The snow was falling in Kyoto as we shared a kiss on the cold roadside

An Irishman on a roast dinner that ends in sadness


Daniel Mulcahy is from Galway and a graduate of NUIG’s BA in English and creative writing. Since 2019, he has been living and working in Kyoto where he is a high school English teacher

In Japan daily cases of Covid flatlined into the low hundreds and we experienced a lull from October to December. With this drop-off coinciding with my scant winter leave, we decided to make something of it.

Christmas is little more than a chance for couples to snap “Insta-bae” photos (that is photos that are good for Instagram as they are backlit by illuminations). Some Japanese families still mark the occasion by sharing a Christmas cake, but with no families to hand, we made merry with friends instead.

One friend takes pride each year in providing a roast dinner, and this time splashed out on two whole chickens. Sitting in his living room playing Backgammon, maskless, decked out in silly sweaters and getting gradually drunker, it felt like we were back in the soft glow of the pre-pandemic. Imagine it.

The apartment is high, looking out over the dark of the river and the lights of Osaka beyond. It was late. Most everyone had left already; Tabia and I had missed last train. Our host asked me out onto the balcony and lit a cigarette.

The words fell out of him. He told me the story of the murder of Junko Furuta in 1982. She is often referred to here as the Girl in the Concrete and was murdered in an utterly evil act. Tears shining, his tone hushed, he read a poem he had hated having to write.

My friend. The man who, earlier that evening, had said that his greatest pleasure is hearing the chime of laughter behind him as he cooks. The poem was beautiful. 

A New Year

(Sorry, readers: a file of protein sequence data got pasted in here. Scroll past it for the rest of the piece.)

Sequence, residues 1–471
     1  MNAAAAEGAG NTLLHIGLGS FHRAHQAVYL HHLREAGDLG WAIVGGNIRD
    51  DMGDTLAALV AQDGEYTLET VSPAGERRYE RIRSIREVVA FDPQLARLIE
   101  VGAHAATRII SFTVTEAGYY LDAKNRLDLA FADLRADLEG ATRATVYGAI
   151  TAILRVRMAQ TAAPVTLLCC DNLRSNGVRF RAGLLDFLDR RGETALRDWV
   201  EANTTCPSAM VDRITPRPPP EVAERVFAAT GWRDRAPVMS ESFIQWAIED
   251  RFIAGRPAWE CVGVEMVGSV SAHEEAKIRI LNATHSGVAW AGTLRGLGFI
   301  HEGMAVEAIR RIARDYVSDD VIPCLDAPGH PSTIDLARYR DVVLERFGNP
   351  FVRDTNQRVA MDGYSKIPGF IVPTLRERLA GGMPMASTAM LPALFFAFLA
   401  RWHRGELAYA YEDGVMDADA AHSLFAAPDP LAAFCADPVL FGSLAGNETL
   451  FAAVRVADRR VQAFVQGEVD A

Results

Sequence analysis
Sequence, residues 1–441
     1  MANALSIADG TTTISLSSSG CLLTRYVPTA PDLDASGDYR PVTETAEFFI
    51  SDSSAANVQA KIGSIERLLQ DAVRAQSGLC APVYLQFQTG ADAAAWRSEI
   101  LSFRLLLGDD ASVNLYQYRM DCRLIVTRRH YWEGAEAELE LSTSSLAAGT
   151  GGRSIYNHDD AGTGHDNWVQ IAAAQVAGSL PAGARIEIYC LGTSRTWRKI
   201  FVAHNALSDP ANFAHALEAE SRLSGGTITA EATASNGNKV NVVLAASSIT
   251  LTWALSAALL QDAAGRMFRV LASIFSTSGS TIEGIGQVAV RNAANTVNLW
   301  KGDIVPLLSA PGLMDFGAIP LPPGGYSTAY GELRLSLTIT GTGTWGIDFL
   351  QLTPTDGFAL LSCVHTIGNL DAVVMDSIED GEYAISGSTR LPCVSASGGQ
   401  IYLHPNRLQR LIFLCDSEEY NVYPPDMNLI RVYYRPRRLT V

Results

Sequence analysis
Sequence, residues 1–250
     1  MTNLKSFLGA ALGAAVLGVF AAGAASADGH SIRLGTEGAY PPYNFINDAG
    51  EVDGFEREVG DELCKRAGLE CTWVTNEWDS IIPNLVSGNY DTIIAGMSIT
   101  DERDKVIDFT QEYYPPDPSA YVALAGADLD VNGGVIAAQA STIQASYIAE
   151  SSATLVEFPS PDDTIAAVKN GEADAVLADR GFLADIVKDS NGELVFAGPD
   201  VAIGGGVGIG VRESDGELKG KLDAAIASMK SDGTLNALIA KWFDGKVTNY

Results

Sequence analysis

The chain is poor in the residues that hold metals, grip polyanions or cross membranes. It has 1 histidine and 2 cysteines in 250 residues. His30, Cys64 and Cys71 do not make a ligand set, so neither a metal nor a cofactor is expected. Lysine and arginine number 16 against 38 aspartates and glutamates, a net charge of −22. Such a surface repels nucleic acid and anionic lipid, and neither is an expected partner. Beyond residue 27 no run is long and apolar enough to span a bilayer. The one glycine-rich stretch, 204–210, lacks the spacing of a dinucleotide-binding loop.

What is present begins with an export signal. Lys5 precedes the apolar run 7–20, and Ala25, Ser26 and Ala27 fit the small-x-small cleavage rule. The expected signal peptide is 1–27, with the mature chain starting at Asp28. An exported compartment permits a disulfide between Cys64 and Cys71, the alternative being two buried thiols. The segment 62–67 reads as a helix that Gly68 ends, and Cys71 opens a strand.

The bus to Hakuba picked us up from the cold sidewalk at midnight. Sleep was hard-fought, and by six am the overhead lights kicked on, letting us know we were making our final approach. Through a chink in the curtains, the Japanese Alps slouched past, grey in the pre-dawn light. The snow grew deeper as we climbed.

My girlfriend Tabia’s first morning skiing: a brief synopsis. Three separate locker trips and a gondola up a mountain before breakfast. Trundling for 20 minutes across the summit before proceeding to plough down a too-steep slope. Walking off said slope after losing her ski to a snow drift and spending 15 minutes unsuccessfully attempting to reattach it, the  minor panic attack that ensued.

Our friends arrived on the second day, and the snow grew heavier still. By the third day, it was knee-high on the northern courses.

At the end of that third day, Tabia and I skied off the mountain together. I would race a downslope to look back up and watch as she glided in confident curves, her toes turned resolutely in. She fell only once. I fell at least twice while trying to show off.

The trip was a stumble for all of us. Our friends, so convivial at Christmas, had a harder time getting on as they struggled to escape an icy mountainside. But I promised my mum that I would focus on the positives. The bus home was an hour late in the snowfall and it stank. A man propped his socked feet on the seat in front of him the entire time.

We alighted in time to share a New Year’s kiss, there on the cold roadside we’d left four days before. We were not as cold as before, though the snow was falling even here in Kyoto.

Oshogatsu: Japanese New Year

We slept until noon, rising only to make our annual pilgrimage to Yasaka Jinja and imbibe of the spicy ramen sold nearby. It was Hatsumode, the first shrine visit of the year, and the crowds were subdued, shuffling between taiyaki stalls, tying inauspicious fortunes to lengths of rope that dangled all around the courtyard. As we made our exit, I observed the shrine attendants sweeping the papers into bags.

Japanese New Year’s is a time for family. On January 3rd, after a year of postponements, my co-teacher opened her doors to us. Her daughters are quick and eager to speak. One wrote our names in ornate kanji, each character a poem. We were treated to Osechi ryori , traditional dishes imbued with prayers for health and prosperity.

The next day, we dined with Tabia’s former host parents in their immaculate apartment. Their daughter hardly fits the chair that she sat in over a year ago.

There is always more to tell, but so it goes. Words, like a year, have to break off somewhere, that’s how we can pick them up again.

* On finishing this piece for The Irish Times, I learned of the terrible murder of Ashling Murphy in Tullamore last week. We need to do so much more. My heart goes out to her family.

If you live overseas and would like to share your experience with Irish Times Abroad, email with a little information about you and what you do

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